“The Anarchist Cookbook,” which has sold at least 2 million copies — printed, downloaded or otherwise — and remains in publication, was originally a 160-page book that offered a nuts-and-bolts overview of weaponry, sabotage, explosives, booby traps, lethal poisons and drug making. Illustrated with crude drawings, it informed readers how to make TNT and Molotov cocktails, convert shotguns to rocket launchers, destroy bridges, behead someone with piano wire and brew LSD.

The book came with a warning: “Not for children or morons.”

In a foreword, Powell advised that he hadn’t written the book for fringe militant groups of the era like the Weathermen or Minutemen, but for the “silent majority” in America, those he said needed to learn the tools for survival in an uncertain time.

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Primitive Technology: Turn on the closed captions!

It's no secret that Boing Boing (along with over 4 million other netizens) loves the Primitive Technology channel on YouTube. We've covered this channel numerous times (about a guy making primitive tech in the wilds of Far North Queensland, Australia with nothing but the gym shorts on his ass). I anxiously await each episode and am like a kid at Christmas when I get the alert that a new one is up.

But this month, thanks to one of the reader comments, I made a cool discovery. The videos are without narration. The un-named survivalist, who some have dubbed "Prim," is really good at showing you what he's doing so that you can understand it without explanation, and he writes up decent notes that are published along with the videos. But then I saw the comment: "[Turns on captions] That clever bastard has been talking to us the entire time!!" Whoa.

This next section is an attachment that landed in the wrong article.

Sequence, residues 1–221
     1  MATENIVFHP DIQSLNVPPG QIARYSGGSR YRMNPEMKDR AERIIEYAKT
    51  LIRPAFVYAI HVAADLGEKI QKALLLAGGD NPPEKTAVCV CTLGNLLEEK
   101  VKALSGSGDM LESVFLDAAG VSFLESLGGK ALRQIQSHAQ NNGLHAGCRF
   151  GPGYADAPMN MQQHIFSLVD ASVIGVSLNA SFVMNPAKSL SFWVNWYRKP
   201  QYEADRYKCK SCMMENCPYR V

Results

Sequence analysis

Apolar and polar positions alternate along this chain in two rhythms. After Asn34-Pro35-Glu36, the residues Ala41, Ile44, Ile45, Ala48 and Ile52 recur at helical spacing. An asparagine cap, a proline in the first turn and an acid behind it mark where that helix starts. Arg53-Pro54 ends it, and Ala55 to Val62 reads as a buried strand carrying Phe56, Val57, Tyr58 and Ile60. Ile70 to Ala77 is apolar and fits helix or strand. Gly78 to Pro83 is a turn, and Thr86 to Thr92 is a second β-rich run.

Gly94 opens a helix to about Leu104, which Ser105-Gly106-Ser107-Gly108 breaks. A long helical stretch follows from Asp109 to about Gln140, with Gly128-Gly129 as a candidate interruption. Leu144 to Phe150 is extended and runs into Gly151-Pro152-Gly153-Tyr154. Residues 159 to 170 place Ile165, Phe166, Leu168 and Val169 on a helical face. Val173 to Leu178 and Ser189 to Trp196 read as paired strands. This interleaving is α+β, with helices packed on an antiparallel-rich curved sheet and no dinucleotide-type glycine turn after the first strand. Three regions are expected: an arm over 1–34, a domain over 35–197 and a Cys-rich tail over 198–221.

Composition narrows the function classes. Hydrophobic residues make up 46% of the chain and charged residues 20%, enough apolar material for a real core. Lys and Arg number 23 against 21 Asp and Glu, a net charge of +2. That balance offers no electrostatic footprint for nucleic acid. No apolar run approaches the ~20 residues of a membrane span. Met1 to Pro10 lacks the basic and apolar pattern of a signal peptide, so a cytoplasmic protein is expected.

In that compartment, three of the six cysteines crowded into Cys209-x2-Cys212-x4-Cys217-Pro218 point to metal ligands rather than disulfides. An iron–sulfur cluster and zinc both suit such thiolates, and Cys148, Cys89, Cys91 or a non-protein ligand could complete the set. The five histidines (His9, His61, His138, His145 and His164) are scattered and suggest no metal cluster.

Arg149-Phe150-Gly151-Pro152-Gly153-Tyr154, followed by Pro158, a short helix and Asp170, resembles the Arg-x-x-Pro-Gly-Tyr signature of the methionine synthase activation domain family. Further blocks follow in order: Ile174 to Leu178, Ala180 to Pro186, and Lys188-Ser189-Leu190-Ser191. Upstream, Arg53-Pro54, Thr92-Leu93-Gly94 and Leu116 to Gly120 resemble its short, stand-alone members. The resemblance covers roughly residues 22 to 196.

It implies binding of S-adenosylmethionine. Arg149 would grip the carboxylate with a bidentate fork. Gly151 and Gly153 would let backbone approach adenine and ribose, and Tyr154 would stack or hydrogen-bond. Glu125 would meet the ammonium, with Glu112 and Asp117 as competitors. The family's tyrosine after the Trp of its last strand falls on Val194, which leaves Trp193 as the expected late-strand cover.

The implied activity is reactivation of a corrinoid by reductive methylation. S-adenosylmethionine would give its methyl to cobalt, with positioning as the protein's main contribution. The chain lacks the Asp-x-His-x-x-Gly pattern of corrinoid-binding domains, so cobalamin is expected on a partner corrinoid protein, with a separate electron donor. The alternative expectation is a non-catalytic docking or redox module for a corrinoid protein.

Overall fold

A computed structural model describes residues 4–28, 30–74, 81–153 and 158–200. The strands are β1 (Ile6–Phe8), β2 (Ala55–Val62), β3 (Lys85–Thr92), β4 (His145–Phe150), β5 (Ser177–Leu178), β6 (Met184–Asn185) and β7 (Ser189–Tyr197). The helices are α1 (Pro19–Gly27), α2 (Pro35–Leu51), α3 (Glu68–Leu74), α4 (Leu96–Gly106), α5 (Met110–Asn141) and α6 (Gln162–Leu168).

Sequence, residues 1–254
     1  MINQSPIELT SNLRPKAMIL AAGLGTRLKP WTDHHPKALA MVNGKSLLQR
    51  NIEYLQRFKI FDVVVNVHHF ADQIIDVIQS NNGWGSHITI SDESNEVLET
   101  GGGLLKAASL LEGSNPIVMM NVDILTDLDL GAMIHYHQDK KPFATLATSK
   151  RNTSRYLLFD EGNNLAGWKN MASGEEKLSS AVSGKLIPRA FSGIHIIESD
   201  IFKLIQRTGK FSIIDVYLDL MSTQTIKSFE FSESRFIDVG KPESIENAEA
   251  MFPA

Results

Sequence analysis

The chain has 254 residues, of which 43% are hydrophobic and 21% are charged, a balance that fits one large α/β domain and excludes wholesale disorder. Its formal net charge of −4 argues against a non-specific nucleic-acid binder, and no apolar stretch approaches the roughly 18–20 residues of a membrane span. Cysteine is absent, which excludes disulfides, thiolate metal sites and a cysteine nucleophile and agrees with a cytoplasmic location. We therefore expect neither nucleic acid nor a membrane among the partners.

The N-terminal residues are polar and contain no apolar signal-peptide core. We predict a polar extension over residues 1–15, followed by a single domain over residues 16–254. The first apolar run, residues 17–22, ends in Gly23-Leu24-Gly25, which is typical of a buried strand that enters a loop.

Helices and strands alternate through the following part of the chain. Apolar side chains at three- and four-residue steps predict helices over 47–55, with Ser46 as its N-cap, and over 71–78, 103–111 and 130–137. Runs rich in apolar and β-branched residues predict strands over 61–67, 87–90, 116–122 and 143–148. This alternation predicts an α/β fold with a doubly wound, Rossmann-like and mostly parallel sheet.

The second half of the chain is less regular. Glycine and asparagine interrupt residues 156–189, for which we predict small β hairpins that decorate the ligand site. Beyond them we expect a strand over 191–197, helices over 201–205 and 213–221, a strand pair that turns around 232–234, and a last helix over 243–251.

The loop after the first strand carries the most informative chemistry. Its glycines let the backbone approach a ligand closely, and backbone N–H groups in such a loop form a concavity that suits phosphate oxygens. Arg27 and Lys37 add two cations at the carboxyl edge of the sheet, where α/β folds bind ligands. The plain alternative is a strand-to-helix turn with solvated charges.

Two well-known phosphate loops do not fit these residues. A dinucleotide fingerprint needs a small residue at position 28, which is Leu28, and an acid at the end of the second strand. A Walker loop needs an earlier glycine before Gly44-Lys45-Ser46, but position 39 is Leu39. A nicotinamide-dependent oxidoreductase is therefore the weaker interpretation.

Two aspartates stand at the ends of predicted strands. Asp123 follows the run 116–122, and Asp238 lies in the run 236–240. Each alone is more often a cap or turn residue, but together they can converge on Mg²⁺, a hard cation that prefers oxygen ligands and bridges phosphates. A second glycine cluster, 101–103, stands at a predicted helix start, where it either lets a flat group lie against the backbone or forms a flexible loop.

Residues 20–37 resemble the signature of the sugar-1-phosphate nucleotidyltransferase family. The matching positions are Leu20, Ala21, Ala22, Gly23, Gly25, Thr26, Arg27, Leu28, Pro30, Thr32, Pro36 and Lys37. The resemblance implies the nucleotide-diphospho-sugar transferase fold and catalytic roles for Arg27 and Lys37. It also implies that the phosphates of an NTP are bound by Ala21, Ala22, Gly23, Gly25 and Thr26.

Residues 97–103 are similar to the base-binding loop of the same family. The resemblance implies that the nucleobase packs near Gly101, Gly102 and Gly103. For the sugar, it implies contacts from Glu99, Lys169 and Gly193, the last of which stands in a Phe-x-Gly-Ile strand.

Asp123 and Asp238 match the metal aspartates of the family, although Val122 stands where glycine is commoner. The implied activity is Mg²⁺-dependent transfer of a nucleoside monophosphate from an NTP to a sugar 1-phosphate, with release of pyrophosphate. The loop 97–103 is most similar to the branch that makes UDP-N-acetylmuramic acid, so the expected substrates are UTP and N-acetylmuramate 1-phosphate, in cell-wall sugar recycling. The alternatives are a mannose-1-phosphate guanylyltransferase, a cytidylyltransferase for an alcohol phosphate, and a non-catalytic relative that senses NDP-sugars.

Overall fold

The captions and the notes are pretty similar, but you do get extra content in the captions and you get to see them in situ. I've been using closed captioning on my TV recently and have been delighted to see how much additional information you actually get: background conversations you would never hear, song titles and lyrics, and wonderful sound descriptions like "sexual gasping." So, it's great to discover another instance of CC being useful. Read the rest

Zelda fan/maker controls smart home by playing ocarina

In celebration of Zelda: Breath of the Wild, Allen Pan built a wonderful home automation system where the interface is an ocarina as seen in The Legend of Zelda: Ocarina of Time. (Thanks, Lux!)

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How to make a DIY blooming marshmallow

Dominique Ansel, the guy who created cronut and cookie milk cups (previously), also created the blooming marshmallow, which opens like a flower in hot chocolate to reveal a chocolate truffle. Popsugar reverse engineered one and shared their technique. Read the rest